8:00 PM: The leeches sense blood.  I have flicked numerous off Karen and she has done the same for me. Thank goodness the trail has leveled off now


8:05 PM: How many circles of Hell did Dante describe and which one are we currently in?


8:11 PM:  LIFE!  We have found life that doesn't want our blood. It's a Tree hole Frog that doesn't want to be photographed though


8:30 PM: Like zombies we shuffle along aimlessly with low groans


8:40 PM: Mike points out a real life zombie.  An insect that was taken over by a cordyceps fungus that will control it then kill it.  It's real, look it up.


8:56 PM: We have come face to face with a "prickly" creature.  It's a Malay Porcupine:


Malay Porcupine Encountered On Foot


8:57 PM:  The porcupine is now about 15 feet away and closing.  It has "puffed" up its quills and looked at us a bit funny.  I am slowly moving to the left...behind Mike.


Malay Porcupine


9:30 PM: The porcupine high has long ago worn off.  Where are the freakin Tarsiers!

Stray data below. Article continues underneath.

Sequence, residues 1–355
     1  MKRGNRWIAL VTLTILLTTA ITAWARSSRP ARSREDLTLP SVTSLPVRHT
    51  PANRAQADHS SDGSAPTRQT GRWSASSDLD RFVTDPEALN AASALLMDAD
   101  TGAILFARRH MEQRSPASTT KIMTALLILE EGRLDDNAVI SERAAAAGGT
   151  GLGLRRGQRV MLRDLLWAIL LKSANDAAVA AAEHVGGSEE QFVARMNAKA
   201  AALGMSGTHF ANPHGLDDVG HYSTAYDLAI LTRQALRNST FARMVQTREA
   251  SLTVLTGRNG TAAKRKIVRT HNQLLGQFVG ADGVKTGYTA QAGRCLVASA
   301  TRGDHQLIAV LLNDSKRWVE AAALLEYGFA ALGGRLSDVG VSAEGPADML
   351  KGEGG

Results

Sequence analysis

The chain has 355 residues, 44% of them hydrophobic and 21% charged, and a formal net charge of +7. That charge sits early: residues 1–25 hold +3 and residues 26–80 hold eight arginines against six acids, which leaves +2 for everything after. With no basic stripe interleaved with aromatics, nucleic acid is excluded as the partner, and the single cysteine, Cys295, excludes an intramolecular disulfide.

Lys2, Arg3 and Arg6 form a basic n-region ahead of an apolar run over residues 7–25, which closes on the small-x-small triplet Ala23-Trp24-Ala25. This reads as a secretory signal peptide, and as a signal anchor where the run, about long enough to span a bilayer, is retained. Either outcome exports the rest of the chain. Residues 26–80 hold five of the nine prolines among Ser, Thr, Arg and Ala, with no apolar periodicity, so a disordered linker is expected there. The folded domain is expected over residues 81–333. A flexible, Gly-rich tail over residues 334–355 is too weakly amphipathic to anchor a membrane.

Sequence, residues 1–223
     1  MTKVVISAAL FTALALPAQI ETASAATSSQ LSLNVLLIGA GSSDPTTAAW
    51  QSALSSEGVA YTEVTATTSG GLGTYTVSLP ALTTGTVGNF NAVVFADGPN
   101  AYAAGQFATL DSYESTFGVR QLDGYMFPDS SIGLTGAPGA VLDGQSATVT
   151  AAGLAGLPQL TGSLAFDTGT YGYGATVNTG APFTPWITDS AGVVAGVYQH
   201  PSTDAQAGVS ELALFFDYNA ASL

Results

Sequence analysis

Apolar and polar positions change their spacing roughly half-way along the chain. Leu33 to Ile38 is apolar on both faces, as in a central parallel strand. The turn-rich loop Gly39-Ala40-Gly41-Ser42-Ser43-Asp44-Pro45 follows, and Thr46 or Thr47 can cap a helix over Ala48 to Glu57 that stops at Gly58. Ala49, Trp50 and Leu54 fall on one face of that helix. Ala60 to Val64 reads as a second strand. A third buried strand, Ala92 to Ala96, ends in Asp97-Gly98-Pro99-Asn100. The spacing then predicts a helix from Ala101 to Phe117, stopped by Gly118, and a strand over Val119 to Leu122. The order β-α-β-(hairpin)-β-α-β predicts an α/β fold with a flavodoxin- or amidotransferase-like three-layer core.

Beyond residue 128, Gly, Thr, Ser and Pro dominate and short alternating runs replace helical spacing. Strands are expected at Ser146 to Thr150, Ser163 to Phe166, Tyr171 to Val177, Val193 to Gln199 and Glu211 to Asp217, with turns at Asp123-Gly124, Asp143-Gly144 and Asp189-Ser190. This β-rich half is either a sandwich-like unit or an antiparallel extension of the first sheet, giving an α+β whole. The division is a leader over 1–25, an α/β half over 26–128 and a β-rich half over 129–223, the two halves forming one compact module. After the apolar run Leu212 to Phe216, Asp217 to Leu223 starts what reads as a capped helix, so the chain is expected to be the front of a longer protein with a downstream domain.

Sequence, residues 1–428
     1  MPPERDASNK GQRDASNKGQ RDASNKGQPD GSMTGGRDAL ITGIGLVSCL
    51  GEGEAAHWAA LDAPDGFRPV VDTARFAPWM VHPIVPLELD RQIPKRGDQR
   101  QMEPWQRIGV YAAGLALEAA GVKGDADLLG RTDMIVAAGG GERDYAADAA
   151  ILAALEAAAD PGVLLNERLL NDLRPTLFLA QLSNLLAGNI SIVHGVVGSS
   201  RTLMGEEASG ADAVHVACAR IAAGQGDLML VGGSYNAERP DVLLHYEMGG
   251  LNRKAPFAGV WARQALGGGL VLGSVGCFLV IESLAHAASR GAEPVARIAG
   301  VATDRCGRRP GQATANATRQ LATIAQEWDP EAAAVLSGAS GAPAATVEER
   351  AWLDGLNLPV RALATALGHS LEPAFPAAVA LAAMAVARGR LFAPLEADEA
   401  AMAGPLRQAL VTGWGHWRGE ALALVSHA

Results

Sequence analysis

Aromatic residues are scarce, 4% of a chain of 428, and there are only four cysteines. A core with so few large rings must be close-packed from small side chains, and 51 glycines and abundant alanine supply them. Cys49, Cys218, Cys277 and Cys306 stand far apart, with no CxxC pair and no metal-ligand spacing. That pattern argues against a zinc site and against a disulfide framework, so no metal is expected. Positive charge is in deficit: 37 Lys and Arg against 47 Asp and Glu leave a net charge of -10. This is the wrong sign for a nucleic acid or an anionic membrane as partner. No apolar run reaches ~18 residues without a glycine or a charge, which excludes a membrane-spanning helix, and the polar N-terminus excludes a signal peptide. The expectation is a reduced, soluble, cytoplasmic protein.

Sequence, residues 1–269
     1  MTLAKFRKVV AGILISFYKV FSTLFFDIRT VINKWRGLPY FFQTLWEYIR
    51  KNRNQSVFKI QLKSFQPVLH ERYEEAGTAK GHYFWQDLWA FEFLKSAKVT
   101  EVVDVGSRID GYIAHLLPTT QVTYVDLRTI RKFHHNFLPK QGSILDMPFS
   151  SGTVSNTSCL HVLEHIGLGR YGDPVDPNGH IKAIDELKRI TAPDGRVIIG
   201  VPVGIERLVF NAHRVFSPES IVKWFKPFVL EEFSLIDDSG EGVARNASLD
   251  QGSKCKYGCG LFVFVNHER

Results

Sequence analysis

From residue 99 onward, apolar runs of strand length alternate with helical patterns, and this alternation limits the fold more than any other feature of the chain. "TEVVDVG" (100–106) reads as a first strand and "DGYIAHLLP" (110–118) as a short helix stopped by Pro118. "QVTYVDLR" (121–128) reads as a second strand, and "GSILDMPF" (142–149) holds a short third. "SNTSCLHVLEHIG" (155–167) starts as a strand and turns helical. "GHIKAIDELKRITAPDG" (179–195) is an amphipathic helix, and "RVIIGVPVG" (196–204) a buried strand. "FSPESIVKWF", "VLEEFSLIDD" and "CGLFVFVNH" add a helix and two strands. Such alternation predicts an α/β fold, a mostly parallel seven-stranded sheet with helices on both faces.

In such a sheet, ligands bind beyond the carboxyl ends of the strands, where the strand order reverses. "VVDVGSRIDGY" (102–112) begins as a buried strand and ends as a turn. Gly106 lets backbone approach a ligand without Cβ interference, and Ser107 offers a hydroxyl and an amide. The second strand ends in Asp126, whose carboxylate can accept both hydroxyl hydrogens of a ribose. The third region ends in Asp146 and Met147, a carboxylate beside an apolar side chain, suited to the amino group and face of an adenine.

9:48 PM: Mike is gesturing to come quickly!  It must be a Tarsier!  But wait, I don't see a fist sized primate...I see a big face.


9:48 PM and 2 seconds:  It's a Banded Civet!  Must take pictures!


Banded Civet


Banded Civet Encountered On Foot


9:48 PM and 4 seconds: Shit!  It's too close for the lens!


9:48 PM and 5 seconds:  The Civet is gone.  Only 3 of us got decent looks.


10:00 PM: We have just about finished the trail.  It's all downhill now back to the truck, yippee!!!


10:05 PM: Mike asks who want to do the trail again to avoid coming back another night and climbing up the hill again. My mind says "Oh, Hell No!" but my mouth says "I'm in".  I hate my mouth.